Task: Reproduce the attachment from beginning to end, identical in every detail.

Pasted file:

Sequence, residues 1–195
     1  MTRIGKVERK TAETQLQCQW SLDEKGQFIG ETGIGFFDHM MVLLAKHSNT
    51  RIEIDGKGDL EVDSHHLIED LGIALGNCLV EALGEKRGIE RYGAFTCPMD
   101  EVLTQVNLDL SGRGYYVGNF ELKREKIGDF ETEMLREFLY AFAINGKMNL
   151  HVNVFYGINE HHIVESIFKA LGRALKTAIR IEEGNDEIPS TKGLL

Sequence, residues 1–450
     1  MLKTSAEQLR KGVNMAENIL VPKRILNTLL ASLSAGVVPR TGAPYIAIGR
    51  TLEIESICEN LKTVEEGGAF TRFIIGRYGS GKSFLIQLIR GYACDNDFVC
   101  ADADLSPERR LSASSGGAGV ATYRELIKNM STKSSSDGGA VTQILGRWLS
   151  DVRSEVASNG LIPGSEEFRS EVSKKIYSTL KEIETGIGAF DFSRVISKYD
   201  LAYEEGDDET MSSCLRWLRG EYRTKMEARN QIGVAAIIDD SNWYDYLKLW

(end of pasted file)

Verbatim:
Sequence, residues 1–195
     1  MTRIGKVERK TAETQLQCQW SLDEKGQFIG ETGIGFFDHM MVLLAKHSNT
    51  RIEIDGKGDL EVDSHHLIED LGIALGNCLV EALGEKRGIE RYGAFTCPMD
   101  EVLTQVNLDL SGRGYYVGNF ELKREKIGDF ETEMLREFLY AFAINGKMNL
   151  HVNVFYGINE HHIVESIFKA LGRALKTAIR IEEGNDEIPS TKGLL

Sequence, residues 1–450
     1  MLKTSAEQLR KGVNMAENIL VPKRILNTLL ASLSAGVVPR TGAPYIAIGR
    51  TLEIESICEN LKTVEEGGAF TRFIIGRYGS GKSFLIQLIR GYACDNDFVC
   101  ADADLSPERR LSASSGGAGV ATYRELIKNM STKSSSDGGA VTQILGRWLS
   151  DVRSEVASNG LIPGSEEFRS EVSKKIYSTL KEIETGIGAF DFSRVISKYD
   201  LAYEEGDDET MSSCLRWLRG EYRTKMEARN QIGVAAIIDD SNWYDYLKLW